|Sewanee Tigers football|
|Conference||Southern Athletic Association|
|Colors||Purple and Gold
The Sewanee Tigers were pioneers in American intercollegiate athletics and possessed the Deep South's preeminent football program in the 1890s. Ellwood Wilson is considered the "founder of Sewanee football." Their 1899 football team had perhaps the best season in college football history, winning all 12 of their games, 11 by shutout, and outscoring their opponents 322-10. Five of those wins, all shutouts, came in a six-day period while on a 2,500-mile (4,000 km) trip by train. Ten of their twelve opponents, including all five of their road trip victims, remain major college football powers to this day. In 2012, the College Football Hall of Fame held a vote of the greatest historic teams of all time, where the 1899 Iron Men beat the 1961 Alabama Crimson Tide as the greatest team of all time.
Sewanee was a charter member of the Southern Intercollegiate Athletic Association in 1894, and also a charter member of the Southeastern Conference upon its formation in 1932, but by this time its athletic program had declined precipitously and Sewanee never won a conference football game in the eight years it was an SEC member. The Tigers were shut out 26 times in their 37 SEC games, and were outscored by a combined total of 1163-84.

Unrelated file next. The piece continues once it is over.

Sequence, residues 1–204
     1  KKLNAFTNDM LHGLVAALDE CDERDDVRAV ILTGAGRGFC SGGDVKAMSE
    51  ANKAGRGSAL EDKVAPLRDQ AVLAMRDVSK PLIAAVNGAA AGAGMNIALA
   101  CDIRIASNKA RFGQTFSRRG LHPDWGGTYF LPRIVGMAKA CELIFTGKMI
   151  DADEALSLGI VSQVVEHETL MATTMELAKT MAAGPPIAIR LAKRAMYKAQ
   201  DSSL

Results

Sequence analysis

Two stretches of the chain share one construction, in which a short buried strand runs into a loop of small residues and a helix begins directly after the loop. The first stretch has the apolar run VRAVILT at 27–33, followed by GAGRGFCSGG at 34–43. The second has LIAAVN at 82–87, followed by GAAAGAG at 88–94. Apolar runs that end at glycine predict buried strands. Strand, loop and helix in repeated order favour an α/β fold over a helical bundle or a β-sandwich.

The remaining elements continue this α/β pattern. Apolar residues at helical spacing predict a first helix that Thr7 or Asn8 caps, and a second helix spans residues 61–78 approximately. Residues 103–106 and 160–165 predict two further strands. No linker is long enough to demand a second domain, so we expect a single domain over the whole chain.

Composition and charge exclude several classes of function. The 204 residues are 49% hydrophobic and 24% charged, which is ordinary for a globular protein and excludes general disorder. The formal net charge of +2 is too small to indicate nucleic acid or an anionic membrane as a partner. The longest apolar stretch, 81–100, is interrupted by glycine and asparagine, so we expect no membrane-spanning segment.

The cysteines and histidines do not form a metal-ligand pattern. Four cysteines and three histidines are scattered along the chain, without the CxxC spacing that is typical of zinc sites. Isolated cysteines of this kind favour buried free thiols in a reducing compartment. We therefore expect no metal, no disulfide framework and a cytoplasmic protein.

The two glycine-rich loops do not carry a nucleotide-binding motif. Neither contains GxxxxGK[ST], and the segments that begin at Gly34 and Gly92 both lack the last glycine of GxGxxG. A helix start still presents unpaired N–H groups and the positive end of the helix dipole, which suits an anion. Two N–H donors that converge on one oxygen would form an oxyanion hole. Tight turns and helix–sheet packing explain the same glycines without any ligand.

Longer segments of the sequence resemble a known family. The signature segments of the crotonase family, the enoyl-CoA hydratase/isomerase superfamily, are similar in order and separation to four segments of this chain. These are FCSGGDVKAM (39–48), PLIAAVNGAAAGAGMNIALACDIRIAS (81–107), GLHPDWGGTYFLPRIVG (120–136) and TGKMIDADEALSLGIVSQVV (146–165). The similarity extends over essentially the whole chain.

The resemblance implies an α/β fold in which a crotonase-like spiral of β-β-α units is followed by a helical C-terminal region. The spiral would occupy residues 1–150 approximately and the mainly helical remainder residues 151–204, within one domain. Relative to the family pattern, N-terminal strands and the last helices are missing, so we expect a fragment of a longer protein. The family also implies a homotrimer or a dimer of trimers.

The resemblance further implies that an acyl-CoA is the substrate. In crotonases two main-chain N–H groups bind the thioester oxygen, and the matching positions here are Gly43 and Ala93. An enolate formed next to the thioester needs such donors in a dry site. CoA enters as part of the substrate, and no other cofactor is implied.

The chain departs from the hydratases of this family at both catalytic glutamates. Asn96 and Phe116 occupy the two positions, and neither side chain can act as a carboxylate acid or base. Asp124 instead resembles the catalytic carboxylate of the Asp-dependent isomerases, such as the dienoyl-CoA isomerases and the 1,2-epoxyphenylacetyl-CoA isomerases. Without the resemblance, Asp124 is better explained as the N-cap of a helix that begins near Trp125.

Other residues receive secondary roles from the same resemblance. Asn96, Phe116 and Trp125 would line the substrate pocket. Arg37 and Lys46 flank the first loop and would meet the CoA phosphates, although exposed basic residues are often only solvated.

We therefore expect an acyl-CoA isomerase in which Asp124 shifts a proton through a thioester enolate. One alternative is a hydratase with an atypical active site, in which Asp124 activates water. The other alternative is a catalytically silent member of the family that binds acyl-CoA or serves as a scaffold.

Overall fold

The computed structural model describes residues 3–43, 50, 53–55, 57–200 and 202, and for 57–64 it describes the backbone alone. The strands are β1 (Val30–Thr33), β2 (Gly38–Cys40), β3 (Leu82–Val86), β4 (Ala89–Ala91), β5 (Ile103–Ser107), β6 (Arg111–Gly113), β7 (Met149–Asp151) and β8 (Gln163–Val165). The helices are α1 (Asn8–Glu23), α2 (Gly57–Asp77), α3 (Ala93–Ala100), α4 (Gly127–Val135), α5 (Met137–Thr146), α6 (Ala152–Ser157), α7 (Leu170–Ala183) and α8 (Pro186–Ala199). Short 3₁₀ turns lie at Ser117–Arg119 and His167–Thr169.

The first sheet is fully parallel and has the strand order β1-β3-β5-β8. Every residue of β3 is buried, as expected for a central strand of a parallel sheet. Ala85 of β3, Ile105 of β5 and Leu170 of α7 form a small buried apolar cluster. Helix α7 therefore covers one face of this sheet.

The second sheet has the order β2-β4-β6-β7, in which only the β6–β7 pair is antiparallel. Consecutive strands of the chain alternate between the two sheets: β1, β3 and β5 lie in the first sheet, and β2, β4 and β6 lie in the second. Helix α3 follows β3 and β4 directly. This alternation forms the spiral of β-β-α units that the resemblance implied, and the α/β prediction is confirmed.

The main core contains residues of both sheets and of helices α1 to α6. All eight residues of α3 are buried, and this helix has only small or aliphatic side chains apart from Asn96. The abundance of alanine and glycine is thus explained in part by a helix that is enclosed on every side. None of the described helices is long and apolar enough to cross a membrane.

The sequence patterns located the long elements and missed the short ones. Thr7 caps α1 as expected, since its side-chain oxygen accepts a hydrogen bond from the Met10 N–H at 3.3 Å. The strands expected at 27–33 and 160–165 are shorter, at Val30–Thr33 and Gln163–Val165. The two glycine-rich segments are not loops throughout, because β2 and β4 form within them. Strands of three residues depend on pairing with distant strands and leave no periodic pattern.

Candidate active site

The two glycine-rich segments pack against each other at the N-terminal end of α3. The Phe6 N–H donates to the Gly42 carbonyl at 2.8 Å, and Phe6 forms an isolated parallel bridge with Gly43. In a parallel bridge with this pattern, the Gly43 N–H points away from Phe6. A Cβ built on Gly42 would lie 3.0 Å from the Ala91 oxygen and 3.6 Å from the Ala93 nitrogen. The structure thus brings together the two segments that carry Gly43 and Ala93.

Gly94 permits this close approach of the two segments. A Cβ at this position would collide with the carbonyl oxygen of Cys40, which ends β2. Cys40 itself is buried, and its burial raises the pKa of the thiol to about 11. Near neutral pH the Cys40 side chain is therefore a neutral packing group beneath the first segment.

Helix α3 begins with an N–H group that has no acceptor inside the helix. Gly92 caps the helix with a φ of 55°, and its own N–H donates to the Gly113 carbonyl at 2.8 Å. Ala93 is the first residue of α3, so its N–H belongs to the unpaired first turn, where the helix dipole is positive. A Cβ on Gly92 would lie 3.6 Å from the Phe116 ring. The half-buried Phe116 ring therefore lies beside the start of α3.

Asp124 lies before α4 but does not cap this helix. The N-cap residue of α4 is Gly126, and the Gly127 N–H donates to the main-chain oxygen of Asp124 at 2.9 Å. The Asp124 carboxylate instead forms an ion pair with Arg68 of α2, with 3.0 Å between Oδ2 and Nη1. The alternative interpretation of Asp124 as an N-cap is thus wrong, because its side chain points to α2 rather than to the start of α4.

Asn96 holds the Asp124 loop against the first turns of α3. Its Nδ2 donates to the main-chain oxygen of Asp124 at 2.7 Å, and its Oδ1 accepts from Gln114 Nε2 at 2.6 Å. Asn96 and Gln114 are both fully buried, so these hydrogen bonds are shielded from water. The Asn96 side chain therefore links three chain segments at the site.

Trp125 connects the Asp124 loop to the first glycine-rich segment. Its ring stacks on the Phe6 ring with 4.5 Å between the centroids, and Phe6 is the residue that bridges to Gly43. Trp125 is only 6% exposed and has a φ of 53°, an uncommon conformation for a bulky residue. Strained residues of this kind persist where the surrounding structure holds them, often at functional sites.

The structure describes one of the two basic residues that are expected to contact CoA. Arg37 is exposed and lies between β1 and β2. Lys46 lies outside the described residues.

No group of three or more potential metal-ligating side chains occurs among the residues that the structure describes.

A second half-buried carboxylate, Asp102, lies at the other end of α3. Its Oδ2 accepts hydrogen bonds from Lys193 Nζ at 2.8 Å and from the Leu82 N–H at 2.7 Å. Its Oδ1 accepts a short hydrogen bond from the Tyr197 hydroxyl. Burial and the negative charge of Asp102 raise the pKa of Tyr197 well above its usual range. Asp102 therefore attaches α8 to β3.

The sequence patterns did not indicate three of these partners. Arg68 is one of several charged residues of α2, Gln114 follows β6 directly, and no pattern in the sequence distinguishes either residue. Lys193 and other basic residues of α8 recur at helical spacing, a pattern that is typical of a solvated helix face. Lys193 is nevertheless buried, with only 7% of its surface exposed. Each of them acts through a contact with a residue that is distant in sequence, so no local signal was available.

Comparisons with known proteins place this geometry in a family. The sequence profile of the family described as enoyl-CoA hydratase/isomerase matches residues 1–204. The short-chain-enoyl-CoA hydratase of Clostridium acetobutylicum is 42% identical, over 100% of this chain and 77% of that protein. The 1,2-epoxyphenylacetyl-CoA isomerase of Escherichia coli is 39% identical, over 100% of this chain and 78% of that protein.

When vice chancellor Benjamin Ficklin Finney, who had reportedly objected to Sewanee joining the SEC, left his position in 1938, the leading candidate was Alexander Guerry, a former president of the University of Chattanooga. According to a university historian, Guerry agreed to come to Sewanee only if the school stopped awarding athletic scholarships. In 1940, two years after Guerry's arrival, Sewanee withdrew from the SEC and subsequently deemphasized varsity athletics. Guerry's stance is sometimes credited as an early step toward the 1973 creation of NCAA Division III, which prohibits athletic scholarships.
"Yea, Sewanee's Right!" is the surviving last line of an old football cheer: "Rip `em up! Tear `em up! Leave `em in the lurch. Down with the heathen. Up with the Church.-Yea, Sewanee's Right!" The heathen may have been the Methodists of Vanderbilt which would date the cheer in the 1890s; the cheer was sometimes also used against Hampden-Sydney. Now used as an alternative motto and often shouted at the end of the Alma Mater. When used with the Alma Mater it is preceded by the transitional formula of an extended pause followed by "Yea, Sewanee's Right!"